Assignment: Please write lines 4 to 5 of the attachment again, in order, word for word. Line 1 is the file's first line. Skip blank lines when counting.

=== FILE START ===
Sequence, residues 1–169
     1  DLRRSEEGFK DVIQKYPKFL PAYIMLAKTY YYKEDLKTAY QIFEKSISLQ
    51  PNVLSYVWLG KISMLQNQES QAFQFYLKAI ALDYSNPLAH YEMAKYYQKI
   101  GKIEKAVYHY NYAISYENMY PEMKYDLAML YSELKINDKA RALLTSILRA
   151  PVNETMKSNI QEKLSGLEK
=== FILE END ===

   101  GKIEKAVYHY NYAISYENMY PEMKYDLAML YSELKINDKA RALLTSILRA
   151  PVNETMKSNI QEKLSGLEK